Join in:In addition to UABs Undiagnosed Diseases Program (which requires a physician referral) and the AGHI, patients and providers can contact theUAB Precision Medicine Institute, led by Director Matt Might, Ph.D. The institute develops precisely targeted treatments based on a patients unique genetic makeup.

Learn more:Discover how UAB experts solved medical puzzles for patients by uncovering anever-before-described mutationandcracking a vomiting mysteryin these UAB News stories.

10. Diversity in the scientific workforce

[See this section of the talk here]

We know that science, like everything else, is more productive when teams are diverse than if they are all looking the same, Collins said. My number one priority as NIH director is to be sure we are doing everything we can to nurture and encourage the best and brightest to join this effort.

Research diversity at UAB:TheNeuroscience Roadmap Scholars Programat UAB, supported by an NIH R25 grant, is designed to enhance engagement and retention of under-represented graduate trainees in the neuroscience workforce. This is one of several UAB initiatives to increased under-represented groups and celebrate diversity. These include several programs from theMinority Health and Health Disparities Research Centerthat support minority students from the undergraduate level to postdocs; thePartnership Research Summer Training Program, which provides undergraduates and especially minority students with the opportunity to work in UAB cancer research labs; theDeans Excellence Award in Diversityin the School of Medicine; and the newly announcedUnderrepresented in Medicine Senior Scholarship Programfor fourth-year medical students.

Join in:The Roadmap program engages career coaches and peer-to-peer mentors to support scholars. To volunteer your expertise, contact Madison Bamman atmdbamman@uab.eduorvisit the program site.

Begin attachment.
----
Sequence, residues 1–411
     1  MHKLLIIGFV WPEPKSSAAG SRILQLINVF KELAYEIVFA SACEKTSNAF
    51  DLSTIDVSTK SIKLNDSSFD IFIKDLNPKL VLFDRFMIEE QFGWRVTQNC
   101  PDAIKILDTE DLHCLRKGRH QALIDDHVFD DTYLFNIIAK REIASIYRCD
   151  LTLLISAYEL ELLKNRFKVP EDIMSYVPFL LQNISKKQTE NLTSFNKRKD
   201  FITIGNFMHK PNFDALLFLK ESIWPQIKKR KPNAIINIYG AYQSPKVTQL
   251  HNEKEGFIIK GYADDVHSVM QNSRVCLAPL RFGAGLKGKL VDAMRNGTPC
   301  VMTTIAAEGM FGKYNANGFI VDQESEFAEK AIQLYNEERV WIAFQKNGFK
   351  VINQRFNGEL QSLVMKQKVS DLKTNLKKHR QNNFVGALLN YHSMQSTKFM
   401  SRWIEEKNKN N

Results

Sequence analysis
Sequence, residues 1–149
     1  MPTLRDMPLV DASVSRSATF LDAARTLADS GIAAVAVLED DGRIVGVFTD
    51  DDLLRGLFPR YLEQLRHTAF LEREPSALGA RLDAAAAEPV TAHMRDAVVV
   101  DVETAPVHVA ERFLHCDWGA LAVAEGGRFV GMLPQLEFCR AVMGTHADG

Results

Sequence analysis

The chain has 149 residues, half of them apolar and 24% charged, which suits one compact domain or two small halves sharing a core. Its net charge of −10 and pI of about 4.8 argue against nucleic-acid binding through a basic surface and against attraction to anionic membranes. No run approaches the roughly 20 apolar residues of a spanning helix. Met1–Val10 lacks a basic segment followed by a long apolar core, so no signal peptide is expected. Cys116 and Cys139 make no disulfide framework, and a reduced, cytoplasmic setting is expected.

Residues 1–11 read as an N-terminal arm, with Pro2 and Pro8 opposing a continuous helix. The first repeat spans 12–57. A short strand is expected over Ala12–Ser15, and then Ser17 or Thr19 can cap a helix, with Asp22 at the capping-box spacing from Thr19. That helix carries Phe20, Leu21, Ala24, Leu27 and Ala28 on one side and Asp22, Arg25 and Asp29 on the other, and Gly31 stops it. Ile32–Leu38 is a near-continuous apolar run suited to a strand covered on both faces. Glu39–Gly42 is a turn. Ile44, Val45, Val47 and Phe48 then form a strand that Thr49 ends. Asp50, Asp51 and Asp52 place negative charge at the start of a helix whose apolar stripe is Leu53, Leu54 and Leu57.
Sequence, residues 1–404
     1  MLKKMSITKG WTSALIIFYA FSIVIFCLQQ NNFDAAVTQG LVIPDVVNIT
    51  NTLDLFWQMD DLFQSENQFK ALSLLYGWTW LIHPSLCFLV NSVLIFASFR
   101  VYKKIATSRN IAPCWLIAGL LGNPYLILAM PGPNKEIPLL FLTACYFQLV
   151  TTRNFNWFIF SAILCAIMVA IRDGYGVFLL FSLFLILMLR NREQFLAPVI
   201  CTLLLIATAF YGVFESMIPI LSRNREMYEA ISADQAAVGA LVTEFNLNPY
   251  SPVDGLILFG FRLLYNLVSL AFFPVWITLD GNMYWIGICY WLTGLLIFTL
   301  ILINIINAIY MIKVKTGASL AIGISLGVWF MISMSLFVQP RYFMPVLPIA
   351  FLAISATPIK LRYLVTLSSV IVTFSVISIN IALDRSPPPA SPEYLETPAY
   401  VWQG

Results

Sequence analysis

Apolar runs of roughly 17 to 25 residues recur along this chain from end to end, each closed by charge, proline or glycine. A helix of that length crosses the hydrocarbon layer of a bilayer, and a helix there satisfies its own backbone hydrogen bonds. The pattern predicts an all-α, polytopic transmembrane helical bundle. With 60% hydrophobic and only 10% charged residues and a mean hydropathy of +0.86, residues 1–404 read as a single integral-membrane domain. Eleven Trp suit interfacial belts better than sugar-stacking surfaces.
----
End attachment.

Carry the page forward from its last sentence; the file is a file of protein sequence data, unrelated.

Learn more:Farah Lubin, Ph.D., associate professor in the Department of Neurobiology and co-director of the Roadmap Scholars Program,shares the words and deeds that can save science careersin this Reporter story. In another story, Upender Manne, Ph.D., professor in the Department of Pathology and a senior scientist in the ONeal Comprehensive Cancer Center, explains how students in the Partnership Research Summer Training Program gethooked on cancer research.

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Global induced pluripotent stem cells market is expected to grow with a CAGR of 8.6% over the forecast period from 2019-2025 – GlobeNewswire

By daniellenierenberg

New York, March 13, 2020 (GLOBE NEWSWIRE) -- Reportlinker.com announces the release of the report "Induced Pluripotent Stem Cells Market: Global Industry Analysis, Trends, Market Size, and Forecasts up to 2025" - https://www.reportlinker.com/p05874276/?utm_source=GNW 6% over the forecast period from 2019-2025. The study on induced pluripotent stem cells market covers the analysis of the leading geographies such as North America, Europe, Asia-Pacific, and RoW for the period of 2017 to 2025.

The report on induced pluripotent stem cells market is a comprehensive study and presentation of drivers, restraints, opportunities, demand factors, market size, forecasts, and trends in the global induced pluripotent stem cells market over the period of 2017 to 2025. Moreover, the report is a collective presentation of primary and secondary research findings.

Porters five forces model in the report provides insights into the competitive rivalry, supplier and buyer positions in the market and opportunities for the new entrants in the global induced pluripotent stem cells market over the period of 2017 to 2025. Further, IGR- Growth Matrix gave in the report brings an insight into the investment areas that existing or new market players can consider.

Report Findings1) Drivers Increased government fundings and rising industry focus on the development of novel therapies Rising interest in stem cell therapy2) Restraints High the cost associated with storage3) Opportunities Growing applications of iPS cells in several biopharmaceutical applications provides extensive potential to the key players in the market

Research Methodology